LBJ on the use of power

The Years of Lyndon Johnson, Robert Caro’s five-part (though the fifth has yet to be written) biography of LBJ, is an incredible chronicle of a truly complex leader, one who clearly cheated all along the way to the presidency but also showed incredible leadership in passing landmark civil rights legislation.

This passage from Caro’s fourth volume (The Passage of Power) shows one of LBJ’s more noble and inspiring moments, just four days after he assumed the presidency after the JFK assassination in Dallas. It says a lot about what it means to truly lead when the road is treacherous.

. . . although the cliché says that power always corrupts, what is seldom said, but what is equally true, is that power always reveals. When a man is climbing, trying to persuade others to give him power, concealment is necessary: to hide traits that might make others reluctant to give him power, to hide also what he wants to do with that power; if men recognized the traits or realized the aims, they might refuse to give him what he wants. But as a man obtains more power, camouflage is less necessary. The curtain begins to rise. The revealing begins. When Lyndon Johnson had accumulated enough power to do something — a small something — for civil rights in the Senate, he had done it, inadequate though it may have been. Now, suddenly, he had a lot more power, and it didn’t take him long to reveal at least part of what he wanted to do with it. On the evening of November 26, the advisers gathered around the dining room table in his home to draft the speech he was to deliver the following day to a joint session of Congress were arguing about the amount of emphasis to be given to civil rights in that speech, his first major address as President. As Johnson sat silently listening, most of these advisers were warning that he must not emphasize the subject because it would antagonize the southerners who controlled Congress, and whose support he would need for the rest of his presidency — and because a civil rights bill had no chance of passage anyway. And then, in the early hours of the morning, as one of those advisers recalls, “one of the wise, practical people around the table” told him to his face that a President shouldn’t spend his time and power on lost causes, no matter how worthy those causes might be.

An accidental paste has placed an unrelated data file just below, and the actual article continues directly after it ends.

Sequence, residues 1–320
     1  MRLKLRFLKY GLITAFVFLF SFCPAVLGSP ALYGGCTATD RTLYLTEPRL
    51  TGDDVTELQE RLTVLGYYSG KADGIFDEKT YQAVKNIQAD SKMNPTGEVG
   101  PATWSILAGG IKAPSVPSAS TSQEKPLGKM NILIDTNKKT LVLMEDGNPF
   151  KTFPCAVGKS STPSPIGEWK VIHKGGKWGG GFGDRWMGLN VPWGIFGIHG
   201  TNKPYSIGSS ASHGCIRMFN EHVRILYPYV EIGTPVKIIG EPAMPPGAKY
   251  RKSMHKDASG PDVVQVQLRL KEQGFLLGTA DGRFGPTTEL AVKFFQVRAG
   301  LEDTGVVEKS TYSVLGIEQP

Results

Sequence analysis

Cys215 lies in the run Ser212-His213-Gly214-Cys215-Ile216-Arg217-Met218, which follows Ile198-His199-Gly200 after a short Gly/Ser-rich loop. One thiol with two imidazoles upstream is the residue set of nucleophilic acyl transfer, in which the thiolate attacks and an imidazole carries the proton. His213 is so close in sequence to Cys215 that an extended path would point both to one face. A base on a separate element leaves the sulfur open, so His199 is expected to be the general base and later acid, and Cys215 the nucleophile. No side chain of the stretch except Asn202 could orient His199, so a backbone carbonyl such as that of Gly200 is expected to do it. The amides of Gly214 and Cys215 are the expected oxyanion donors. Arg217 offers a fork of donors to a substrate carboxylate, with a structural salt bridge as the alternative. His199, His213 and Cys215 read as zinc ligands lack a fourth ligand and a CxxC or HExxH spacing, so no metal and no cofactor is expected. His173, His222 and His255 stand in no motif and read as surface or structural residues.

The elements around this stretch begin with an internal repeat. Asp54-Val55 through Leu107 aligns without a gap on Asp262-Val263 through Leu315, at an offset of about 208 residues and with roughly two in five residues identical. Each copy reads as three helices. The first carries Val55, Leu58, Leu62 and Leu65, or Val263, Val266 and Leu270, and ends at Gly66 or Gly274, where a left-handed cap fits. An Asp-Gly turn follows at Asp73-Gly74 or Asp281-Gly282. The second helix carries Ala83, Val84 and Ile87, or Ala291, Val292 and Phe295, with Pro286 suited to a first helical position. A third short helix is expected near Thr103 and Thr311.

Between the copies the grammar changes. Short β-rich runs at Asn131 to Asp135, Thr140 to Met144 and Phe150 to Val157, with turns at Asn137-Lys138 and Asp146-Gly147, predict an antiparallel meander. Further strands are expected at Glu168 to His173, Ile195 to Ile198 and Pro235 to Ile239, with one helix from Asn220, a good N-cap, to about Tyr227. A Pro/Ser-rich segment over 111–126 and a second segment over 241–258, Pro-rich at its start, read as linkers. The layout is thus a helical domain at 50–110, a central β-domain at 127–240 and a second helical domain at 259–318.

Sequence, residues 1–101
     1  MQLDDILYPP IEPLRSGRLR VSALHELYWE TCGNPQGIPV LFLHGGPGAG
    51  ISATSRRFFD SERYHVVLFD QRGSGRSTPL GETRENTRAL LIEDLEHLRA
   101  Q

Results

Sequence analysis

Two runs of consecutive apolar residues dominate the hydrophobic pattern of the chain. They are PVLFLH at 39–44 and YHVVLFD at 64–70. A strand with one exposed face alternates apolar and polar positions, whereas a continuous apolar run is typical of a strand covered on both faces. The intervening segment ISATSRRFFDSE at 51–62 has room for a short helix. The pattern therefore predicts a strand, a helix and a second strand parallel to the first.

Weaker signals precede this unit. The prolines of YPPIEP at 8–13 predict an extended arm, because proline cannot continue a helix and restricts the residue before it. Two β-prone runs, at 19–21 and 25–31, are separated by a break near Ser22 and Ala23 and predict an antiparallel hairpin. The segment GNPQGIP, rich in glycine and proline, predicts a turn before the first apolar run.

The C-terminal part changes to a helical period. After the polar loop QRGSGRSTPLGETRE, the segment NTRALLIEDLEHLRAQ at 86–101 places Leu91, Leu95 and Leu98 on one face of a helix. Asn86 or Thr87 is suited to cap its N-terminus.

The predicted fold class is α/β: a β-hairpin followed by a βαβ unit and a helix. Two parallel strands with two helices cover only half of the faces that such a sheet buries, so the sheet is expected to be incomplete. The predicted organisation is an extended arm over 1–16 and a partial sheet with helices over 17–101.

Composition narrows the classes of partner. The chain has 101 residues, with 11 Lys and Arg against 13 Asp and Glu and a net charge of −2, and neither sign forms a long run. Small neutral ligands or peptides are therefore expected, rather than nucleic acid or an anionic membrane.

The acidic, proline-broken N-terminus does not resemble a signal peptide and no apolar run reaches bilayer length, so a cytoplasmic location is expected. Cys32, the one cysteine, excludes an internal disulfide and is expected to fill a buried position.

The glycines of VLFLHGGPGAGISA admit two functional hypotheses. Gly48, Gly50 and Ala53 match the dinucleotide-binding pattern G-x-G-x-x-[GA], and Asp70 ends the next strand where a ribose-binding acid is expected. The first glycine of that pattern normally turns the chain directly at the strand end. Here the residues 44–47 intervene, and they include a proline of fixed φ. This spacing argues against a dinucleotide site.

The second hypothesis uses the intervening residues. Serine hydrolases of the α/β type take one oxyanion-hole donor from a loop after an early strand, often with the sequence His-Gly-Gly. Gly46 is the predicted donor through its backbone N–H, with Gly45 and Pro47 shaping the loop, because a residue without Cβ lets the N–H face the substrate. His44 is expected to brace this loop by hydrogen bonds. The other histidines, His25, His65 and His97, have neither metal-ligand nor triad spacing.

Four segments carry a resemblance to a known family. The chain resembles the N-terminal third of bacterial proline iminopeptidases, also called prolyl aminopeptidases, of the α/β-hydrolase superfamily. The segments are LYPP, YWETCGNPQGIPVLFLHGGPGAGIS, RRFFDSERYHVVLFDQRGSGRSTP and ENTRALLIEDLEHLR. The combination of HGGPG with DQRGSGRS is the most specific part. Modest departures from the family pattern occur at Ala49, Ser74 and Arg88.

“Well, what the hell’s the presidency for?” Lyndon Johnson replied.

The next day, Johnson went out and said to Congress, “No memorial oration or eulogy could more eloquently honor President Kennedy’s memory than the earliest possible passage of the civil rights bill for which he fought so long.” After a lot of wrangling, the Civil Rights Act was passed and enacted on July 2, 1964 — but it may never have happened or happened much later had LBJ listened to “one of the wise, practical people around the table.”

Source: Caro, Robert A. The Passage of Power (The Years of Lyndon Johnson) (Kindle Locations 194-201).